Here is some unusual advice for people working on a startup, or thinking about it: swim.
The Sydney Opera House was designed by Jørn Utzon, who in 1957 won a competition to select an architect for the project. In April 1962 it was estimated the build would be completed within three years at the latest. It actually took 11 more years - construction was finally completed in 1973. The total cost was A$102 million, over 1,300% more than the original budget. Utzon quit the project in 1966.
The completed Opera House is iconic and widely considered a masterpiece of architecture.
Whenever we make something new there is a trade off. Do we want our build to be good, fast or inexpensive? 1
Perhaps we have a fixed timeframe to complete the work. Perhaps we have a limited budget to spend. Perhaps there are pre-agreed quality standards we have to meet.
But we can’t have all three of those things. We need to choose two.
Actually we can choose two at most. Often when we try to build complex things we won’t achieve any of those three things. We don’t have to look far to find a long list of ambitious projects that are delivered late, over budget and with poor quality to demonstrate this.
When we pick the two it’s useful to flip the language: good, fast and inexpensive all sound like desirable things, but the combinations of any two at the expense of the third are much more difficult choices:
Maybe we have lots of money to throw at the problem, so budget isn’t a constraint. This is a common choice for many startups after they have raised a large amount of capital, for example. However, this means we’re choosing the expensive option, both in terms of the cash we spend immediately and the value of our equity in the long run.
Maybe we think we can cut some corners on quality in order to make the build faster and cheaper. This is actually sometimes the correct decision: it all depends on the payback period. There is no value in a high quality solution if we run out of time or money before it’s finished. If we can complete more experiments and generate momentum sooner then perhaps we are willing to pay the greater long-term costs associated with a quick-n-dirty solution.2 However, this means we’re choosing the crappy option and leaving debts to repay in the future.
But let’s not pretend we can have all three. That is impossible.
To make this choice even more difficult there is also a fourth variable which is sometimes entirely overlooked or obfuscated: scope.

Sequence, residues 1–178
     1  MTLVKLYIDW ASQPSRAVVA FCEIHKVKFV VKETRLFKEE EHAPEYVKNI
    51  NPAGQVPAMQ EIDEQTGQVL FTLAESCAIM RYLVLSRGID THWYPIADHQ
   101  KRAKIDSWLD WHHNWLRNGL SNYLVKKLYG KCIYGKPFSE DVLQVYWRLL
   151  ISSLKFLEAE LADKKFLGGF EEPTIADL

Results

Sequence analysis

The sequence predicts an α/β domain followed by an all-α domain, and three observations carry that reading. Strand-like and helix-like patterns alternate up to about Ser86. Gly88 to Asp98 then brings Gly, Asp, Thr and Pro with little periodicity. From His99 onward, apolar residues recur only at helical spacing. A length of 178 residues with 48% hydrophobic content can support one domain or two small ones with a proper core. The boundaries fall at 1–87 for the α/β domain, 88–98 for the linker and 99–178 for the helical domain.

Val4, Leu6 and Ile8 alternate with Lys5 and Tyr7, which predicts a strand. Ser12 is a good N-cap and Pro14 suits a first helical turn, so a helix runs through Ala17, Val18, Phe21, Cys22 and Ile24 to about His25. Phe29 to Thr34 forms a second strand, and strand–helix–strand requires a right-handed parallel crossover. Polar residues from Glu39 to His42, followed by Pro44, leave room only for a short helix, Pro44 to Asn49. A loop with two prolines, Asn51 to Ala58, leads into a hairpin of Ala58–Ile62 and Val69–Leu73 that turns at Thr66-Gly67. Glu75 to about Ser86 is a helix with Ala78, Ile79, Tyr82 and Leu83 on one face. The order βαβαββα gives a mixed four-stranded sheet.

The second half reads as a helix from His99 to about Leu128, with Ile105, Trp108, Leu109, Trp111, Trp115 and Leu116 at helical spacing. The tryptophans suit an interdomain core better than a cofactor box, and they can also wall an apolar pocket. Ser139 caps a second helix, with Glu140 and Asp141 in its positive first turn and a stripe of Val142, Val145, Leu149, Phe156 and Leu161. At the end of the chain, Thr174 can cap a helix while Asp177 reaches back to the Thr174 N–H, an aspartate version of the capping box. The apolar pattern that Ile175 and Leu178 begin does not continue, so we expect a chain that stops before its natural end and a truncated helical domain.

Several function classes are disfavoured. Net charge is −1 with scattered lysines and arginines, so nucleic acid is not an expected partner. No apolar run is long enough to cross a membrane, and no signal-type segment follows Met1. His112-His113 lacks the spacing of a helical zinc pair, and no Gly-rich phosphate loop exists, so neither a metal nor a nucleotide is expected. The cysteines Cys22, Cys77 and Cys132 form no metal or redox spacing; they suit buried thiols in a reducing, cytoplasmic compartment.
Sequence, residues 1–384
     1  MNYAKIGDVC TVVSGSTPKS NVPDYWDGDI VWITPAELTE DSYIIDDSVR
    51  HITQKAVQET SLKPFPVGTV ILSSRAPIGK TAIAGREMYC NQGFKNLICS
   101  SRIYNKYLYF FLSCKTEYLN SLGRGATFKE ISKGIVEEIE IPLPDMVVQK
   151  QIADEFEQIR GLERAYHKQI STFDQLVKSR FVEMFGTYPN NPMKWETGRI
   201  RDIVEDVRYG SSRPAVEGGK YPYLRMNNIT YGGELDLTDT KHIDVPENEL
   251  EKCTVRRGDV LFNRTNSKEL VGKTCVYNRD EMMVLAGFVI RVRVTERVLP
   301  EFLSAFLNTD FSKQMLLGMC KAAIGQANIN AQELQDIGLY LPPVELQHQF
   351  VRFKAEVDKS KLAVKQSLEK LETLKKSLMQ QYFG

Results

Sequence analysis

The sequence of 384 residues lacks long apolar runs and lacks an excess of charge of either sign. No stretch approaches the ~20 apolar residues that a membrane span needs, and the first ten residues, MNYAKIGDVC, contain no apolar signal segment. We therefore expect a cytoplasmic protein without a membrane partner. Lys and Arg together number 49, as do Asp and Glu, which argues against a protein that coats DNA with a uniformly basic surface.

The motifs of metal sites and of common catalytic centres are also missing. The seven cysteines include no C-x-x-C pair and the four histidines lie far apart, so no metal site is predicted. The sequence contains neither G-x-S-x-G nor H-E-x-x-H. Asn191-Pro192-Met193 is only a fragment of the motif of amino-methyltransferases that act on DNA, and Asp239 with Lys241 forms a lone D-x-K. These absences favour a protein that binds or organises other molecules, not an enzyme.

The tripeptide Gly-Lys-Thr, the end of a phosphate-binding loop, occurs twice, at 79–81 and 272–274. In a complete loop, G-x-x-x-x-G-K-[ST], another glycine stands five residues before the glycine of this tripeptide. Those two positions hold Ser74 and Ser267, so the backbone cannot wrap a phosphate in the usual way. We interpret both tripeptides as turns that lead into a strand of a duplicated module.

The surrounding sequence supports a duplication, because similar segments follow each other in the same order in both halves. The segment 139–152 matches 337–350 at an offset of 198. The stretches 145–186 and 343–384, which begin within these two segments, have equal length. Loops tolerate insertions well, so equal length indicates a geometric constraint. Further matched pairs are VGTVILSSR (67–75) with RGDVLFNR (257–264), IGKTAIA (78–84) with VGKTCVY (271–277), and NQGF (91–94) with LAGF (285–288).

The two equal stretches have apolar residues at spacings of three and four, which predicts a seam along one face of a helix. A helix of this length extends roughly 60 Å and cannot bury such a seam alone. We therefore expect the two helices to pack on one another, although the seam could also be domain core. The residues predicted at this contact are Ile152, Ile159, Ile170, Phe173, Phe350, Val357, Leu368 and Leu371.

Scope is often conflated to include aspects of all three of the variables above. But it’s actually a separate thing. It’s the line we draw in advance to define our expectations:
Scope is nearly always what gets compromised when the pressure comes on, to work within the other three constraints. Again, sometimes this is appropriate. It’s nearly impossible to define scope specifically in advance, and when we eventually discover the flaws in our assumptions it’s usually better to adjust the plans than to be stubborn. But it’s often just the easiest thing to compromise on.
It’s better to be clear about what aspects will demonstrate value to paying customers. Then extrapolate from there based on how people use it. Implement a subset of features really well, rather than partially building the whole product and ending up with a lot of compromises.
Startups frequently talk about building a Minimal Viable Product (MVP). When technical people hear that many will imagine something like the original iPhone from 2007. And it’s true, as with any product, the team at Apple building the first edition iPhone had to make a lot of compromises: a small touch screen (the resolution was just 320x480 pixels, about 20% of the size of current models, and with only one-third the pixel density); no front-facing camera or video recording; no third-party apps or App Store; no GPS or 3G connections; and many missing software features we now take for granted like copy-and-paste.
But the context is important too. They were building on the massive success of the iPod and the legacy of the Mac and MacBook products. Most startup teams can only dream of those advantages. A more relevant example is to rewind to when Apple was itself a startup, and consider the original Apple I computer. It looks much more like an electronics kitset than a computer. Our definition of MVP depends a lot on the resources that we have, both time and money, and we need to set our scope accordingly.
Ideally we want customers to do more than “use it” - we want them to “buy it” then “love it” and eventually “tell their friends about it” - but “use it” is the first step on that continuum and much harder to achieve than most founders realise at the beginning of a venture, so start there.
Remember when I said that the job of a product manager in a startup is to manage infinite lists. I wasn’t joking.
In a startup there is only business-as-usual. We are never finished.
When we’re building something new we need to fight our impatience and accept the trade-off between money, quality, scope and time.